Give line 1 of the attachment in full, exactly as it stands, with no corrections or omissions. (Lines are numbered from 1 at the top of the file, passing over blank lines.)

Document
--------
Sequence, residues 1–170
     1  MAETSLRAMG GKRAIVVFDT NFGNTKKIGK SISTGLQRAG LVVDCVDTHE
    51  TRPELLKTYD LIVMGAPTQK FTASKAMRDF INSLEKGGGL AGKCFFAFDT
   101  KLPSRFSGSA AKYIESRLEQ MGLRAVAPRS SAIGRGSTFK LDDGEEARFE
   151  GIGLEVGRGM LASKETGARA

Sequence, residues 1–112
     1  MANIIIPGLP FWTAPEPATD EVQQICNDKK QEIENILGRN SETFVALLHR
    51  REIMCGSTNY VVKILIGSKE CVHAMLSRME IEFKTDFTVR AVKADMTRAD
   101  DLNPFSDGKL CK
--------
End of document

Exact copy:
Sequence, residues 1–170